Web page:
Okay: I have steam leaving a boiler at T = 873 K and P = 15 MPa and entering a turbine which it leaves at a pressure 2.1 MPa (these data are given), and I want to determine the other thermodynamic properties at this second point. Finding the enthalpy should be straightforward because I know that the isentropic efficiency of the turbine is 0.91. I want to start of course with s2 isentropic = s1 and work back from there.

Now my problem is this: I can't cross-tabulate the isentropic entropy with this pressure in the steam tables--there's no point in the steam tables where this entropy exists at that pressure--so I went instead to the tables for saturated water. Starting at P2 = 2.1 MPa, I then found the "quality" (or "vapour fraction") by applying the lever rule. When applying the lever rule, I can find results which are fairly close (like about 0.5% away from the printed result) from those the lecturer provided, but I am a bit skeptical because maybe it's some sort of coincidence?

My question is: when can I move to using the saturated water tables instead of the steam tables? Is there some kind of rule I can use to do this? It seems almost arbitrary but it has some important repercussions.

  • $\begingroup$ Don't your steam tables also have tables for saturated water/steam, including liquid and vapor enthalpies, internal energies, and entropies? $\endgroup$ Nov 23, 2018 at 3:12
  • $\begingroup$ Yes, they do, I'm just wondering if there is a rule of thumb to know when to go to steam tables and when to go to saturated water tables. $\endgroup$
    – Abed
    Nov 23, 2018 at 9:02
  • $\begingroup$ I don't think so. I think you have just got to check to see whether the entropy at the final pressure is going to be between that of the saturated liquid and the saturated vapor. The values in the supersaturated stream tables should tell you that, for the final entropy needed, you are going to be below that of the saturated vapor. $\endgroup$ Nov 23, 2018 at 12:41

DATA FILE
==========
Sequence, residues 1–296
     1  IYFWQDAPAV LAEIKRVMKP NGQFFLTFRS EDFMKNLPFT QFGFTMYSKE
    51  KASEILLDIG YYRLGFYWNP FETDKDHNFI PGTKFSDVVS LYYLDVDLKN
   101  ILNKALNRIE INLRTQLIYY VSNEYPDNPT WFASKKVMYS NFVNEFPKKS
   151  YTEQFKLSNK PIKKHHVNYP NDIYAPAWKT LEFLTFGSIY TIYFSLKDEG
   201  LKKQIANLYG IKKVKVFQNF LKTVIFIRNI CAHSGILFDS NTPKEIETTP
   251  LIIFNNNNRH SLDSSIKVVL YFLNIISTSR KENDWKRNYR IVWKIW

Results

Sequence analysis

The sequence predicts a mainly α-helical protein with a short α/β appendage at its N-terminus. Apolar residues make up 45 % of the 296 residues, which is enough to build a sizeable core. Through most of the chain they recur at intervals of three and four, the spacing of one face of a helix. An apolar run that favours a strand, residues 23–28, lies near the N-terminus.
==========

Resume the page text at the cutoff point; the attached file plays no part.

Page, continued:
1 Answer 1


..there's no point in the steam tables where this entropy exists at that pressure-

You need a complete superheat steam table (many stop at pressures well below 15 MPa). Check Ohio.edu. You will find the entropy for 600 C, 15 MPa, is 6.680.

You will also find that the steam exiting the turbine also appears to be superheat. You can find the entropy there as well (you will need to extrapolate). From there, knowing the isentropic efficiency, you should be able to estimate the other properties.

Hope this helps.

  • $\begingroup$ You shouldn't assume that saturated steam exits the turbine. Water droplets on the turbine blades lead to erosion, so turbines are designed to avoid saturated conditions. $\endgroup$ Nov 23, 2018 at 17:06
  • $\begingroup$ @DavidWhite I said superheat leaves the turbine, not saturated steam. Please re-read. I looked it up in tables. $\endgroup$
    – Bob D
    Nov 23, 2018 at 17:36
  • $\begingroup$ My comment was info for the OP. I probably should have posted higher on the page. $\endgroup$ Nov 23, 2018 at 19:14
  • $\begingroup$ @DavidWhite Sorry David, I didn't look at his entire post. I see now he is referring to quality. If he looks at the saturated steam table for 1.2 MPa he will see that the entropy for sat vapor is less that 6.50 and realize he should be looking at the superheat steam table. $\endgroup$
    – Bob D
    Nov 23, 2018 at 21:34

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